If you had your heart set on an Apple iCar to go with your iPhone and Apple Watch, take a deep breath and prepare to be disappointed. Forbes reported Wednesday the company apparently is more interested in developing apps for self-driving cars than the cars themselves. The California Department of Motor Vehicles granted permits for Apple to test three 2015 Lexus RX 450h hybrid SUVs. Industry analysts say the fact that only three vehicles are involved suggests Apple is focusing on its CarPlay connectivity and infotainment platform, Forbes said. CarPlay already has a significant portion of the vehicle market.
Google's autonomous driving spinoff, Waymo, has developed sensors that pair with its self-driving software, potentially opening the door for the company to sell a comprehensive system that automakers build into future car models. Google initially built its self-driving software on a prototype car outfitted with sensors, cameras and other hardware from outside suppliers. But to build a more affordable and sophisticated system capable of fully autonomous driving, the company decided it needed to create both halves of the technology, executives said. The announcement comes just weeks after Japanese automaker Honda said it would incorporate Waymo's technology into some of its vehicles. The companies said that deal was centered on research rather than producing vehicles for market, Bloomberg News reported.
The world's first shipment by a self-driving truck included 51,744 cans of Budweiser beer. A tractor-trailer outfitted with Otto's self-driving kit hauled the beer 120 miles along Colorado's Interstate 25 on Oct. 20. Self-driving cars have received plenty of attention this year, but self-driving trucks are quietly beating them to the punch. Professional truck drivers travel hundreds of billions of miles each year, and much of that is driven on highways. While city streets are filled with variables -- frequent stops, unpredictable pedestrians, emergency vehicles, and more -- highways are relatively straightforward.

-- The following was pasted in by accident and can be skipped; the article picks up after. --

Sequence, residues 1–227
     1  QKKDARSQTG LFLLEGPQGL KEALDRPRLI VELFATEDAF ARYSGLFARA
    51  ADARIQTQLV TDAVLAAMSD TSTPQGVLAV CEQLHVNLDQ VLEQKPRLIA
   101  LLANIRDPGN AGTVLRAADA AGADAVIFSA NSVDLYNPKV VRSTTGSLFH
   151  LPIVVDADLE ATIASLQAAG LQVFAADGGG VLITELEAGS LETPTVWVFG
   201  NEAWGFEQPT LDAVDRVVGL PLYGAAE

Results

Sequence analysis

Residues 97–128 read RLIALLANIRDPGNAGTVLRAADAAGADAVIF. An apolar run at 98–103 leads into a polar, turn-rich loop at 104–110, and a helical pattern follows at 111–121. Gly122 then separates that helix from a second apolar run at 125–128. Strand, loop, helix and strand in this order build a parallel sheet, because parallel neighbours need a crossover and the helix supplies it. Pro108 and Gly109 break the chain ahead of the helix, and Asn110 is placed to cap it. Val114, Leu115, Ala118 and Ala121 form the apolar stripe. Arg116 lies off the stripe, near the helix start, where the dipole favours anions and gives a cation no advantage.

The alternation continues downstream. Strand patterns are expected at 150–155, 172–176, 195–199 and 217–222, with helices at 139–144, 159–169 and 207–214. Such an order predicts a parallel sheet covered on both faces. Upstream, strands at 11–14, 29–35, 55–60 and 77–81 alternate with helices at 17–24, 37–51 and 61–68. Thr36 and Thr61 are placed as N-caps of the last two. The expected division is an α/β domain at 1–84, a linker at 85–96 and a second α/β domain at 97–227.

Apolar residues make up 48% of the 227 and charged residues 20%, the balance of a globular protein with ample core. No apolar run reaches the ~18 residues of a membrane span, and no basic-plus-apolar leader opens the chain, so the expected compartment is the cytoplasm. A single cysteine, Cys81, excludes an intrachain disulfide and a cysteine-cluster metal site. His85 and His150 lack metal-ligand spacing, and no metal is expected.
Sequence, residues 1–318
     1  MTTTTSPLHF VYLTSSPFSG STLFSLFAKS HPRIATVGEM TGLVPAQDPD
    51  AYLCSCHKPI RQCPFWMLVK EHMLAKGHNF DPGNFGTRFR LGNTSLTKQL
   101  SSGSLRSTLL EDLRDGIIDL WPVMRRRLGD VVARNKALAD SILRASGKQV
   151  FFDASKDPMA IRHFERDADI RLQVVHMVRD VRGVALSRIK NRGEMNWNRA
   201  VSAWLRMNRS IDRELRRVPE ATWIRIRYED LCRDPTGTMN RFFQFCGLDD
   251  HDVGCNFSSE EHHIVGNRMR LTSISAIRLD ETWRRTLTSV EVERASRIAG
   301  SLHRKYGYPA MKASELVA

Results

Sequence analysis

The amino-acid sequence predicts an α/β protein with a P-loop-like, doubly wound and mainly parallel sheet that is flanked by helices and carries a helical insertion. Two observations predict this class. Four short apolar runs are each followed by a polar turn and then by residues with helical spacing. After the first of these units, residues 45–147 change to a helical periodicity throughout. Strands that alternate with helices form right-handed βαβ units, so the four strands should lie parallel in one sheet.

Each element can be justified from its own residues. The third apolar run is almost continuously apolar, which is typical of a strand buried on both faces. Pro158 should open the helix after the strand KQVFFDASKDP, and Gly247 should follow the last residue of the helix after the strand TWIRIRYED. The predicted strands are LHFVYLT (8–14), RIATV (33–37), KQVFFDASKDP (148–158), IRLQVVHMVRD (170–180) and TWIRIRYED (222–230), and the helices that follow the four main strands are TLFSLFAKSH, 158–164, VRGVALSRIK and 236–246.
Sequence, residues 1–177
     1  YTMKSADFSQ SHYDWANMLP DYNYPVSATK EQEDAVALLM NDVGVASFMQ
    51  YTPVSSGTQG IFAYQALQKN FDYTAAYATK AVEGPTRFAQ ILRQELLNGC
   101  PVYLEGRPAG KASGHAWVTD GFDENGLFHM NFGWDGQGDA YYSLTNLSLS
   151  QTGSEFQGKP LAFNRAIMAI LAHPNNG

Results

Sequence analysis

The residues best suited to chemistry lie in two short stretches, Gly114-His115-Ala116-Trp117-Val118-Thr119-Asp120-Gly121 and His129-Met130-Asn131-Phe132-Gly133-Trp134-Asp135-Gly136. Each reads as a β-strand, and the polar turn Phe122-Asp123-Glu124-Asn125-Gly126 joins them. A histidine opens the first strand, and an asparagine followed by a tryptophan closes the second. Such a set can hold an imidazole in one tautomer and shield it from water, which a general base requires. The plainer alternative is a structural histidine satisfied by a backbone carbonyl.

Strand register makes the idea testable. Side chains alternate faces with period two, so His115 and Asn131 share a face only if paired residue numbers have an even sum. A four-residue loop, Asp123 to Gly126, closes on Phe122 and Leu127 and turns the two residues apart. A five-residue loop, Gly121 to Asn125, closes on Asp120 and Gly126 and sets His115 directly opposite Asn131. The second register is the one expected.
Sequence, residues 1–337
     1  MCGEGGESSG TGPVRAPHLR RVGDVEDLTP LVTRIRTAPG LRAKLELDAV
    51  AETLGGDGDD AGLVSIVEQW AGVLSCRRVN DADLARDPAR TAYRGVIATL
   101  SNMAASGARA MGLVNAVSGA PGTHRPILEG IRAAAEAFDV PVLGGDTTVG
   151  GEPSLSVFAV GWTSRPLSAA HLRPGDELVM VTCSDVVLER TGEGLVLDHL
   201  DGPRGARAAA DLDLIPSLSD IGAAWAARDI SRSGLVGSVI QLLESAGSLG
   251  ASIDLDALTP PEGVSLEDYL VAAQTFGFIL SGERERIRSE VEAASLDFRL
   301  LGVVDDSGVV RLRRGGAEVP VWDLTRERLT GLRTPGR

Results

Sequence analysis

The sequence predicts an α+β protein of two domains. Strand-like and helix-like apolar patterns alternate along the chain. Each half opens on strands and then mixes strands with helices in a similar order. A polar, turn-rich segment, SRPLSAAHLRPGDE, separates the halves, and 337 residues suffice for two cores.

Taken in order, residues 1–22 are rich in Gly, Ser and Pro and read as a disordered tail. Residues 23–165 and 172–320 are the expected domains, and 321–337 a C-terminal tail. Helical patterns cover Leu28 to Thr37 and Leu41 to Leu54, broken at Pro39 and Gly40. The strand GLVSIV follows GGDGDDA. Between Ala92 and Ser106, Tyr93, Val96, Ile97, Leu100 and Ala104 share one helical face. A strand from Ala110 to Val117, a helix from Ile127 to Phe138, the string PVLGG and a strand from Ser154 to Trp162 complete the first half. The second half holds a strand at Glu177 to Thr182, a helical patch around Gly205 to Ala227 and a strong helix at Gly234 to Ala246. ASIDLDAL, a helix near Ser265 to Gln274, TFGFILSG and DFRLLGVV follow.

The term "self-driving car" might conjure up images of an autonomous four-door sedan, but self-driving vehicles are likely to take many forms, including shapes that have never before been considered for transportation. Consider the Nuro self-driving delivery vehicle, currently slated to begin public tests this fall with the grocery store Kroger. Nuro's self-driving delivery vehicle has space for groceries, but not for passengers.Nuro and Kroger This vehicle was specifically designed to deliver goods on public roads. So it has a chassis and drivetrain appropriate for the street, but is small and efficient, with no space for passengers. On the other end of the spectrum are self-driving shuttles from companies like Navya and May Mobility.
More and more people are realizing that autonomous (self-driving) vehicles are not a road to automotive prosperity. To recap, Level 5 self-driving is what most people think of when they hear the term "self-driving." You type in an address and the car takes you where you want to go while you sleep in the back. That car is not going to hit the road anytime soon. Level 4 self-driving is similar but only works within well-defined areas or situations.